January 30, 2015
Here is the second claimant to “end of the world.” Ushuaia is a newer town than Punta Arenas. It was founded in 1870 by missionaries from the Falkland Islands wishing to convert the natives of Tierra del Fuego. Add to that some sealers and you get a strange mix. Argentina needed to solidify its claim to part of Tierra del Fuego so it made it a penal colony in 1884, first sending both male and female prisoners hoping they would breed. Later it became a more conventional prison with cell blocks. Prisoners were sentenced to forced labor and built a railway into the woods of Tierra del Fuego so the convicts could cut wood for building and fuel. Like Punta Arenas, between the world wars many Croatian immigrants moved to this town. At the end of the Second World War a lot of Italians came.
Ushuaia doesn’t have the fine old mansions of Punta Arenas. Its older buildings are steep roofed corrugated metal with gingerbread trim, corrugated gothic. Modern buildings are interspersed with the old buildings. The city is in a beautiful setting on the Beagle Channel and climbs steep hills. It has somewhat the feel of Juneau although bigger. It also has Juneau weather, but today was sunny and warm. Too warm according to local people we spoke with. Its industry is manufacturing in the duty free zone and tourism. It is the major jumping off place for Antarctica. Two “adventure sized” ships carrying between 100 and 200 passengers left for Antarctica while we were there. I feel sorry for those on the ships because they headed into a gale. Prinsendam’s master elected to stay extra time in Ushuaia and wait for better weather so we had more time in port than planned. The smaller ships went out into gale force winds and 30 foot seas.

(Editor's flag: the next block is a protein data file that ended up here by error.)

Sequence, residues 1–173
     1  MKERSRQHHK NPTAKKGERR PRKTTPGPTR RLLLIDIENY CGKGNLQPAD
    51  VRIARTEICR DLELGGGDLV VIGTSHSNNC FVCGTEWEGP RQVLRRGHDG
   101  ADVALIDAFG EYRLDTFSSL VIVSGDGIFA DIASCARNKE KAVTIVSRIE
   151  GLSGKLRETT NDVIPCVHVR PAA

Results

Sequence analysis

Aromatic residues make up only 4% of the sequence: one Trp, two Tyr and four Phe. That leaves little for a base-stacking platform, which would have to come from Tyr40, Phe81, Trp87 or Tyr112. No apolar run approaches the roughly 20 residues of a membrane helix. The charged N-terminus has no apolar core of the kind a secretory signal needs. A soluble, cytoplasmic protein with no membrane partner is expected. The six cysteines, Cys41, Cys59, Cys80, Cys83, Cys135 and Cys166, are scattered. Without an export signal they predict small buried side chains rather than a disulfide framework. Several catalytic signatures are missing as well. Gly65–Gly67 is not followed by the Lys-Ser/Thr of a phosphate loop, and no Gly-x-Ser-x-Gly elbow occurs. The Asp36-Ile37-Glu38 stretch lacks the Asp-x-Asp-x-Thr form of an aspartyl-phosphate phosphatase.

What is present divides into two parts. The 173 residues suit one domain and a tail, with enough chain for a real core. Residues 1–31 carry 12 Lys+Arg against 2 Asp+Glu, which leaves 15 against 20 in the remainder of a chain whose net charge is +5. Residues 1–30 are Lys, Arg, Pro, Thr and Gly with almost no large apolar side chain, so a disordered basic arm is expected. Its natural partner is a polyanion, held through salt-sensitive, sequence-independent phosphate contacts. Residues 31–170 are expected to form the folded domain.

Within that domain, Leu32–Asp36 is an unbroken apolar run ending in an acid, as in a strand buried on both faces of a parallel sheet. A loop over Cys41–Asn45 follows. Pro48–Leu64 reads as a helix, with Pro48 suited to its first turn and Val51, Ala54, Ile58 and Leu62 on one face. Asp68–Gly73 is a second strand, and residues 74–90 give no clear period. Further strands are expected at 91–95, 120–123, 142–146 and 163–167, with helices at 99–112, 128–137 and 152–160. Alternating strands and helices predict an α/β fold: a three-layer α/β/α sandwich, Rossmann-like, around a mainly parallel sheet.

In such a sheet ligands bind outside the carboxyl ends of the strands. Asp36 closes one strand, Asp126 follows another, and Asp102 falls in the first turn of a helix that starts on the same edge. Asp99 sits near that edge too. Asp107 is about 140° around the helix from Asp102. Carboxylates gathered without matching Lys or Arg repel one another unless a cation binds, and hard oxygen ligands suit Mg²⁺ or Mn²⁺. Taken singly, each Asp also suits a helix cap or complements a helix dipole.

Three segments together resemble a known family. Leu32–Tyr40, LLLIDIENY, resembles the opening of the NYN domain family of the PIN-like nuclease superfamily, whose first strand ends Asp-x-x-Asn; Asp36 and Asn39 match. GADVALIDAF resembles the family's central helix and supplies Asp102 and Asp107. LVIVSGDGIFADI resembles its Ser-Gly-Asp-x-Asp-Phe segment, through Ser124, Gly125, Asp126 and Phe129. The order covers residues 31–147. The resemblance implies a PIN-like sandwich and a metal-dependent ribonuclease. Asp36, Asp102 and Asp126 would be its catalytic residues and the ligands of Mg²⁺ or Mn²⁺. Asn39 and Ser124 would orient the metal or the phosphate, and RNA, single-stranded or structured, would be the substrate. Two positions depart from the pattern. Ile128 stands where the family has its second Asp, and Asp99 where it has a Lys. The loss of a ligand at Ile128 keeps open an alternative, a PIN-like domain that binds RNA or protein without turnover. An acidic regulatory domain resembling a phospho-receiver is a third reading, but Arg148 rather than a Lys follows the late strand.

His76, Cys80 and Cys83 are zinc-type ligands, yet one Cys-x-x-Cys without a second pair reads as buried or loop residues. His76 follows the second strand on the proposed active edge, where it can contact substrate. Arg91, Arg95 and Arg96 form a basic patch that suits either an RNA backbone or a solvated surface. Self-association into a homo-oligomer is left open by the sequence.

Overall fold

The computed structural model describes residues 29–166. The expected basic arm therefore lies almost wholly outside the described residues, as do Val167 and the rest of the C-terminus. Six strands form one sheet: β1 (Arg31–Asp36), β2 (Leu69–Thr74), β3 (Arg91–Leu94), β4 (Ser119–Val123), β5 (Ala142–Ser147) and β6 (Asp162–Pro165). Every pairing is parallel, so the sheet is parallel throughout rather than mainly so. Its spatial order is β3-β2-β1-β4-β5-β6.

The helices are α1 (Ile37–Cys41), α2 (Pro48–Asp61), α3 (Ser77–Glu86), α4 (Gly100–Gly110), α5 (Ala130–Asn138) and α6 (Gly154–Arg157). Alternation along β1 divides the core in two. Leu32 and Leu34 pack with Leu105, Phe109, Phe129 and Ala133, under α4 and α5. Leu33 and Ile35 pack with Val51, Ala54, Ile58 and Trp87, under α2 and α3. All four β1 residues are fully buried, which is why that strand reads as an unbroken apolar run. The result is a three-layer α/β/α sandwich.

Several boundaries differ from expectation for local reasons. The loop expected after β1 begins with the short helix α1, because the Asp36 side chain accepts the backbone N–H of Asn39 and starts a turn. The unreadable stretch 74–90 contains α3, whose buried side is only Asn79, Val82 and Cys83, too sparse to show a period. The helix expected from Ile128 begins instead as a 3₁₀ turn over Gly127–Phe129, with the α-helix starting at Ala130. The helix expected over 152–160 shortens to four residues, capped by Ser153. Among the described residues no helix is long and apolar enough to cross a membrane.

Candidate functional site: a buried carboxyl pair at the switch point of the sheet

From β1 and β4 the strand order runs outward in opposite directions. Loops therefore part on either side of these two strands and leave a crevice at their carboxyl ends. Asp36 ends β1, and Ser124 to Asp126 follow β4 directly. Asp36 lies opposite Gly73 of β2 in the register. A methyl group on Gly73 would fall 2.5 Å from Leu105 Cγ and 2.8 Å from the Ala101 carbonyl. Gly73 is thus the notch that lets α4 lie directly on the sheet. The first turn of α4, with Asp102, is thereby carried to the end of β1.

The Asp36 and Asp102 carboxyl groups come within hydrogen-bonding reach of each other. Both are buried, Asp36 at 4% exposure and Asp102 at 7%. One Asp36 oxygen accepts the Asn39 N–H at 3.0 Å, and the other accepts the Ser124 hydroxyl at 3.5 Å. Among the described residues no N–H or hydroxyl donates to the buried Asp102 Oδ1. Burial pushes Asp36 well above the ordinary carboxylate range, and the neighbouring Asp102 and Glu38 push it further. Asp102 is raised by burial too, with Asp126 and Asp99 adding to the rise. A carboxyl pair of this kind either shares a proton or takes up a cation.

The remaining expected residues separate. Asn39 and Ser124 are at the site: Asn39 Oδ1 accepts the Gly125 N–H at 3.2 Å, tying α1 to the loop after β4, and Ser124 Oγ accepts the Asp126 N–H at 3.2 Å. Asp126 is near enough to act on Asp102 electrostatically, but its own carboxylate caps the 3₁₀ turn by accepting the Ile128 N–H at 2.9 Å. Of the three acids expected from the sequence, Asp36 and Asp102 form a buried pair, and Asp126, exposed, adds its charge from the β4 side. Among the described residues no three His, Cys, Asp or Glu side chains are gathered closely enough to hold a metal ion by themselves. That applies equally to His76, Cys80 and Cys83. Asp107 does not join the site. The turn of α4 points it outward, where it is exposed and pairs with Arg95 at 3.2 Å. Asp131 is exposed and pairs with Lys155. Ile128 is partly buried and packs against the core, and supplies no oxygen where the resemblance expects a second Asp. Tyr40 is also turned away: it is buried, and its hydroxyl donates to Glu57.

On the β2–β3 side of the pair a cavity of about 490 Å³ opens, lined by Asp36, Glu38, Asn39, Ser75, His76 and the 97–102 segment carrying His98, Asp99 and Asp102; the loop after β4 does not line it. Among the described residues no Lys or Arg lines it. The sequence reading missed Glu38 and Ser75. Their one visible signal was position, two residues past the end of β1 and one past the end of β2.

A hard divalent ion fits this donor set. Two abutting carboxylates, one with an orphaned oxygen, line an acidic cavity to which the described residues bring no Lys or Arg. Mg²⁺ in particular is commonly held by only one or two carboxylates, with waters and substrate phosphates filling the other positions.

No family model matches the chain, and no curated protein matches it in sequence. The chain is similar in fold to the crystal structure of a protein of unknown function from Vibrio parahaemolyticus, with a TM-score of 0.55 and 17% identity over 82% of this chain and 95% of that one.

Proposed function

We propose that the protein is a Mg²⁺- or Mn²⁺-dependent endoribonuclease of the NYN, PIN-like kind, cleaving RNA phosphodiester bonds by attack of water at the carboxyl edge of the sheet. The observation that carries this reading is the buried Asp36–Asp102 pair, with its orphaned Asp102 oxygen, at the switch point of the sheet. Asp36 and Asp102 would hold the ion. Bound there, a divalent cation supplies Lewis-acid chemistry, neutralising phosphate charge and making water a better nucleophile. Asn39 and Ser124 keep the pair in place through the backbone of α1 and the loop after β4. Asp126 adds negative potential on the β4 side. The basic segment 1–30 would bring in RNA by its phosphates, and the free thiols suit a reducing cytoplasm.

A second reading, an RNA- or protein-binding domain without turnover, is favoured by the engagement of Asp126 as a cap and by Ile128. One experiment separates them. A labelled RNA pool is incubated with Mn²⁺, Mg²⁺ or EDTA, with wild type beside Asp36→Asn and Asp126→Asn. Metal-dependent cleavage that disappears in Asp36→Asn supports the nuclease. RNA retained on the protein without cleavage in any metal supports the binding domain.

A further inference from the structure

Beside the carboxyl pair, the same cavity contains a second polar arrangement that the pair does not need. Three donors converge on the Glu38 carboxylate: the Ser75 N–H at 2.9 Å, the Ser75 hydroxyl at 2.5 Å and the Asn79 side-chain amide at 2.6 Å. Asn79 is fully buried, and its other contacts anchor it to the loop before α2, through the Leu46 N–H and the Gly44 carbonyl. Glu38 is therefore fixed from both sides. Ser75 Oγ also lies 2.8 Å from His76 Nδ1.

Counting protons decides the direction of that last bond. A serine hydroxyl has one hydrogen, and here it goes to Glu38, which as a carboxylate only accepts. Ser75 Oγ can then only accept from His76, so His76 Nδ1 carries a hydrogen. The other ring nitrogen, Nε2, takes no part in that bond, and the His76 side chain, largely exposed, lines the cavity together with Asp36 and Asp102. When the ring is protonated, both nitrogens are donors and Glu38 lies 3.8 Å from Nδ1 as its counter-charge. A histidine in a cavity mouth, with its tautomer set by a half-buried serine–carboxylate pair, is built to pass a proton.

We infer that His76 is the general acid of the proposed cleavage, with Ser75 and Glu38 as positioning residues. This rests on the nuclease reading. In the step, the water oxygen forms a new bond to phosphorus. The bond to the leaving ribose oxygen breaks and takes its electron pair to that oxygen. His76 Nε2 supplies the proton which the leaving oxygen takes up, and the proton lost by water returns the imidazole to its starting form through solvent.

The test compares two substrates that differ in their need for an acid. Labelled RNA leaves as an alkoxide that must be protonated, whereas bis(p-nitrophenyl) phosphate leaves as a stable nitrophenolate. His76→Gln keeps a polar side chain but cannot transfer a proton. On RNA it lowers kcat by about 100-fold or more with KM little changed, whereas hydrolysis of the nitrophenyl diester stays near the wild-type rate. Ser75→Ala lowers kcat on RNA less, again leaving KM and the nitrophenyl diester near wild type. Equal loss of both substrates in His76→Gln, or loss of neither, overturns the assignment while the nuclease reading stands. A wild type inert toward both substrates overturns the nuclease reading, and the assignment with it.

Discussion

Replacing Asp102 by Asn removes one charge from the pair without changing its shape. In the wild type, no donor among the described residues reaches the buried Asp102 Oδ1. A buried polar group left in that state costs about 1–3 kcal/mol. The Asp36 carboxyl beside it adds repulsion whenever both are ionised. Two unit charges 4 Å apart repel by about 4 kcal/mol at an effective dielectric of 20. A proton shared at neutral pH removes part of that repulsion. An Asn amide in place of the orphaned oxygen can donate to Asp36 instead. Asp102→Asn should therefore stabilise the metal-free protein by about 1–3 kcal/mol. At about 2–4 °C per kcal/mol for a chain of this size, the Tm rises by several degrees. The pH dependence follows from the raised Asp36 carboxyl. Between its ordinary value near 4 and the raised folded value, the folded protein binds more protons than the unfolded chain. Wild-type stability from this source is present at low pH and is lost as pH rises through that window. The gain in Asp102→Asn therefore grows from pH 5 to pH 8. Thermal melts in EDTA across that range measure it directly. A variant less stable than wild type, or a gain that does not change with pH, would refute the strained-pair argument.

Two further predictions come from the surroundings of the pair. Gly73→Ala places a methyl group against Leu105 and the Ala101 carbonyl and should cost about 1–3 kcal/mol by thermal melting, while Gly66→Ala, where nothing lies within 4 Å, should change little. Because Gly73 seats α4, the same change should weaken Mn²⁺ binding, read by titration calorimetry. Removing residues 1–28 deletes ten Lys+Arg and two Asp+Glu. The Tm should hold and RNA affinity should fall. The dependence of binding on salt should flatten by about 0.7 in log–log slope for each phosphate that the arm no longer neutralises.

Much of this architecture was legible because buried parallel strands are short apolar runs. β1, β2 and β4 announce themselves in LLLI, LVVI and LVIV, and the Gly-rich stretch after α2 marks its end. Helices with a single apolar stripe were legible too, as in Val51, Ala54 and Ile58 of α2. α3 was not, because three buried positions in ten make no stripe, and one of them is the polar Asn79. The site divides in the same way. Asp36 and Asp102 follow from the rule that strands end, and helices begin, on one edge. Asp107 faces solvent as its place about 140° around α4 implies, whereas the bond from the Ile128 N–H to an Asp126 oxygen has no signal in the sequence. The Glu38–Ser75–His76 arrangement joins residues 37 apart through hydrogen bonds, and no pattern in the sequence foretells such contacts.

There is an Antarctic office in Ushuaia, I guess administering Argentina’s claim to a slice of that continent, and we saw an Antarctic research vessel preparing for a voyage, stocking up on supplies. Ushuaia has signs posted around town proclaiming that not only is it the “end of the world” but the capital of the Malvinas (Falkland) Islands. And if that isn’t enough it is the geographic center of Argentina, an intriguing concept for a town that claims to be at the end of the world. How can the end be at the center? Someone figured that since Argentina claims a slice of Antarctica down to the South Pole, if you measure the distance from the far North of Argentina to the pole Tierra del Fuego is roughly in the middle. That same someone posted a map to prove it.
We spent our time in port riding the Train at the end of the world (I will be posting on that separately) and wandering town. We were accosted by a giant beaver. Beavers were imported from Canada after the Second World War to try to start a fur industry. They became an invasive species and are playing havoc with the environment of the Tierra del Fuego national park, which we also visited. Suzi and I waded in the waters of Ensenada Bay on the Beagle Channel in the park. The beaver gave us a tourist brochure. As he handed it to Suzi we heard drumming and walked up the hill and down the main street to find a carnival troupe made up of high school students dancing and passing the hat to raise money for their Fat Tuesday performance. The giant beaver joined in the dancing.
Dinner was in a bar made of yellow corrugated metal. It was a mixed crowd, locals, a lot of fit and young adventure explorers and a few old cruise ship passengers. While we had Argentine pesos (with Eva Peron on the 100 note) the bar took dollars, giving us a 25% exchange benefit over the bank rate.
On the way back to the ship we passed the new monument to Maria Eva Duarte Peron. Her name is formally written on the plaque but a wooden sign next to the monument says “Evita.” We watched earlier in the day as workers smoothed the cement in front of bust of Ms. Peron. The cement hadn’t yet dried. Two dogs found their way to the monument and left their paw prints pressed into the new concrete. Next to the monument is the Maria Eva Duarte Peron bus stop with her picture etched into the glass of the bus shelter. We walked back the ship watching sunset over the port and mountains beyond.